[Rd] Sweave trims console output in "tex" mode

Duncan Murdoch murdoch.duncan at gmail.com
Fri Jan 3 13:06:42 CET 2014

On 14-01-03 5:47 AM, Kirill Müller wrote:
> I'm sorry, I didn't mean to be rude. Do you prefer including the entire
> original message when replying? Or perhaps I misunderstood you when you
> wrote:

You don't need to include irrelevant material in your reply, but you 
should include explanatory material when you are arguing about a 
particular claim.  If you aren't sure whether it is relevant or not, 
then you should probably ask for clarification rather than arguing with 
the claim.

>   > Carriage returns usually don't matter in LaTeX, so I didn't even know
> about this option, though I use results=tex quite often. I had to look
> at the source to see where the newlines were going, and saw it there.
> Could you please clarify? Thanks.

Single carriage returns are usually equivalent to spaces.  Multiple 
carriage returns separate paragraphs, but they are rare in code chunk 
output in my Sweave usage.  I normally put plain text in the LaTeX part 
of the Sweave document.

I have checked my own .Rnw files, and I have used results=tex about 600 
times, but never used strip.white.

I've also looked at the .Rnw files in CRAN packages, and 
strip.white=true and strip.white=all are used there about 140 times, but 
strip.white=false is only used 10 times.  I think only one package 
(SweaveListingUtils) uses strip.white=false in combination with results=tex.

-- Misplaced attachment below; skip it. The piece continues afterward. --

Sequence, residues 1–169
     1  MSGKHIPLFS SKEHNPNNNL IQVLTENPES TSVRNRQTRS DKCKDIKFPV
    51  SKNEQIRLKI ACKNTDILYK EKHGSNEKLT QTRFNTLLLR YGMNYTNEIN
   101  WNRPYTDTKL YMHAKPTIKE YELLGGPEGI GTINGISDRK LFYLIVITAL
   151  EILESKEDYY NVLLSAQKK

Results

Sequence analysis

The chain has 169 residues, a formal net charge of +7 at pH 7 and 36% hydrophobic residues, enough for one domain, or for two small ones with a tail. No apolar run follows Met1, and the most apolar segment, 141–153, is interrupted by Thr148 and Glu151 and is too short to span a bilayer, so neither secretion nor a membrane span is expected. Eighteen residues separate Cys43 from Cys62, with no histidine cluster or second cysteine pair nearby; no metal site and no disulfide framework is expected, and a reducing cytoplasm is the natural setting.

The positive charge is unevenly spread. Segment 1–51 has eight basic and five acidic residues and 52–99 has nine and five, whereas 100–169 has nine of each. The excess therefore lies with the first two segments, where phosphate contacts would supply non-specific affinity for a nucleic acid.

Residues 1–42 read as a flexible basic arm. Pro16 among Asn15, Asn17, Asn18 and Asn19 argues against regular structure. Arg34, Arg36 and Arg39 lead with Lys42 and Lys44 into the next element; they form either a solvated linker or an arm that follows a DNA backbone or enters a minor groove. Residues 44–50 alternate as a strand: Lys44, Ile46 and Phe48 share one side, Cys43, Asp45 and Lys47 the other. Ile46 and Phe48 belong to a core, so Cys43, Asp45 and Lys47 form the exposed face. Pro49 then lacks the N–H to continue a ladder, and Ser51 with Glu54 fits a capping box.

So while I agree Martin's "adaptive" option would have been a better 
default than "true", I think it would be more likely to cause trouble 
than to solve it.

Duncan Murdoch

> -Kirill
> On 01/03/2014 11:39 AM, Duncan Murdoch wrote:
>> It's dishonest to quote me out of context.
>> Duncan Murdoch
>> On 14-01-03 3:40 AM, Kirill Müller wrote:
>>> On 01/03/2014 02:34 AM, Duncan Murdoch wrote:
>>>> Carriage returns usually don't matter in LaTeX
>>> I'd rather say they do. One is like a space, two or more end a paragraph
>>> and start a new one. If newlines are stripped away, the meaning of the
>>> TeX code can change, in some cases dramatically (e.g. if comments are
>>> written to the TeX code).
>>> Also, I don't understand why the option is called strip.white, at least
>>> for results=tex. The docs say that "blank lines at the beginning and end
>>> of output are removed", but the observed behavior is to remove the
>>> terminating carriage return of the output.
>>> -Kirill

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